This morning was this.
This afternoon was this:
Who knew our barely-read blog had such powers?
This feels like Christmas Morning. I don’t mean that figuratively–I mean that it literally feels like December 25, 2011, when the NBA season was about to kick off with a full slate of great games on national TV. In a couple of hours, the NBA Playoffs begin when the Bulls host the Sixers. Continue reading
When Tony Dungy took over the Tampa Bay Buccaneers in 1996, he inherited a team that went 7-9 under Sam Wyche in ’95, and hadn’t won half its games since 1981. Dungy’s Bucs would take an initial step back, winning only 6 games in his first season as a head coach. But then they’d rip off season win totals of 10, 8, 11, 10, and 9. Prior to Dungy’s arrival, the Bucs were the most pathetic franchise in the history of sports. Continue reading
When it was announced that Rick Adelman would replace Kurt Rambis as head coach of the Timberwolves, there was a palpable buzz around the team with all that was transpiring. Ricky Rubio (finally) arrived, Derrick Williams was drafted, Kevin Love was still here, and now we had not only a competent head coach, but a future Hall of Famer and innovator. After the immediate and knee-jerk reaction of “this is awesome” wore off, some conversation turned toward what the offense would look like under Coach Adelman. Continue reading
1st Quarter Notes:
As the Wolves season inches closer to its end, (we’ve been screaming ‘uncle’ for weeks now, it seems) I’ve taken a bit more interest in some of the team’s former players, many of whom are playing meaningful roles on competitive teams. After watching Randy Foye posterize the mighty Serge Ibaka last night on national tv (more on this, below) I thought it’d be fun to scan the league for former Timberpups making various levels of noise in their respective situations. Without further ado, here is your 2011-12 Minnesota Timberwolves Alumni Team:
So, the graph is a bit misleading–this post isn’t about power functions or estimated effect sizes. Just some lighthearted fun below the fold after last night’s depressing effort.
The Wolves effort tonight doesn’t justify a game wrap. Just let me say I’m disappointed with our effort and continue to be impressed with the Pacers’ effort.
Derrick Williams sucked Thursday night against the Clippers after looking great against Denver the night before. Williams only managed to muster 4 points against the Clips after thrashing the Nuggets’ front line.
Meanwhile, you have Anthony Randolph. Randolph almost never plays. But he played exceedingly well against Denver (28 pts in 31 mins, 11-16 from the floor) after Kevin Love got concussed, and he followed it up with a nice 16 and 9 night against the Clips.
Randolph’s solid play of late is not a revelation.
The Wolves aren’t much fun to watch anymore. We like the draft. We like history. We (usually) like controversy. We brought lots of these things together into a FANTASY DRAFT of top-3 picks from 1984-2008. Why just top-3 picks, and just 1984-2008. ’cause that’s what we felt like doing. Peel back the layers and you’ll understand.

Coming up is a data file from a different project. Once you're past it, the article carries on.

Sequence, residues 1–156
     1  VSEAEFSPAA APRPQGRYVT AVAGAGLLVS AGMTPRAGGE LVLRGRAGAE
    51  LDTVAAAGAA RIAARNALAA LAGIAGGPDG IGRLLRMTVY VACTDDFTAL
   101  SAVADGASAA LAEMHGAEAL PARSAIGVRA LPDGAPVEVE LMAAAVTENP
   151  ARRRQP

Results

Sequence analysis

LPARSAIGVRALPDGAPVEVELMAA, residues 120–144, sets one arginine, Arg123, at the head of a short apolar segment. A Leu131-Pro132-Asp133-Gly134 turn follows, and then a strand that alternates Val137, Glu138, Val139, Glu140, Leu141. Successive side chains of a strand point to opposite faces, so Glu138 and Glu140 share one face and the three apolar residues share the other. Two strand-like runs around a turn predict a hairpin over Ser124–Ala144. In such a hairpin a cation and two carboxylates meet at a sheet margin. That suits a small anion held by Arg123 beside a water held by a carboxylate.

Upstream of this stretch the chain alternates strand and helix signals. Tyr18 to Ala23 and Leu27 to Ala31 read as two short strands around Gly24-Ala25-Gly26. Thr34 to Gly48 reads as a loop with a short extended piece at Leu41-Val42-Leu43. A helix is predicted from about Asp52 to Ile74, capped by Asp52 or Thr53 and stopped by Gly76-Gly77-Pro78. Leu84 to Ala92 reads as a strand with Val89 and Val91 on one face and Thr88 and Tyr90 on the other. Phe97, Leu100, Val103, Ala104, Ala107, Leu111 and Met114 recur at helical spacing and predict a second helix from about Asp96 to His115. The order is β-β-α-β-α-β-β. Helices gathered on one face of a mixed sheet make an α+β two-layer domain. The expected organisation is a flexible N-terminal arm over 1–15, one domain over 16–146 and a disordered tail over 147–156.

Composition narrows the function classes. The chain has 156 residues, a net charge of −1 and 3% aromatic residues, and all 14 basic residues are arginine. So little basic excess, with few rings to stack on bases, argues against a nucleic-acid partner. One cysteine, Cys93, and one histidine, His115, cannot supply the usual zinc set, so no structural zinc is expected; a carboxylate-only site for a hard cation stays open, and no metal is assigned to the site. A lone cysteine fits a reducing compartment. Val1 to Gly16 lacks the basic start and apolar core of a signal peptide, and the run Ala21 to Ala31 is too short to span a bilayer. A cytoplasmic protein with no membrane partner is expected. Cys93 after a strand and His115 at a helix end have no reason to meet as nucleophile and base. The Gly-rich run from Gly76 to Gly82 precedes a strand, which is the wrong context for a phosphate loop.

My picks are the ODDS; Andy G’s picks are the EVENS. And we’re only dealing with rookie-year performance. This is about who was the best when they entered the league; not who had the best career.
With the Clippers coming to town at full strength and with hopes of contending for the Western Conference title, a Wolves victory was not realistic. As they remain without Love and Rubio (and Ridnour and Wayne and Darko) tonight’s game was watched not with expectations of a good competition, but with an interest in the performance of specific players. In my case, that player was Anthony Randolph who had just burst out of his (usual) spot on the bench for 28 points and 5 blocks in last night’s near-win over the Denver Nuggets. Continue reading
With last night’s loss to Denver, the Wolves extended their losing streak to 7 games. Since we last checked in, they’ve fallen to the Hornets (16-42; dead-last in West), been destroyed by the Suns at Target Center, and dropped last night’s game while losing Kevin Love to a scary head/neck injury. So, things aren’t going so hot. Continue reading
The game wraps have become fewer and farther between, but I attended this game so it makes sense to post some notes.
For much of the 2nd Quarter, this game felt like a breeze. The Warriors scored 4 points in the first 9:03 of the period while the Wolves built up an 18-point lead near the half. For the final 26:57 of the game, the Warriors would outscore the home team 72-51. Those 72 points came the easy way; many from Charles Jenkins uncontested layups. Kevin Love was needed as a help defender, but he either lacked the energy or inclination to play that part on this night. On multiple–possibly consecutive–possessions, Love watched dribblers take the layup when he was within range of at least a foul, if not a solid contest. Continue reading
As I see it, there are five different types of NBA teams at this point in the season:
1) Great teams locked into a high-playoff seed, looking to stay healthy and sharp for the playoffs.
2) Playoff-bound teams jockeying for seed position and/or a division title.
3) Average teams fighting tooth and nail for a playoff spot.
4) Bad teams tanking for the lottery.
5) The Minnesota Timberwolves, ravaged by injuries but without its own lottery pick and therefore without a tanking incentive.
What a weird place to be. Here’s a brief rundown of where things stand as we head down the home stretch: Continue reading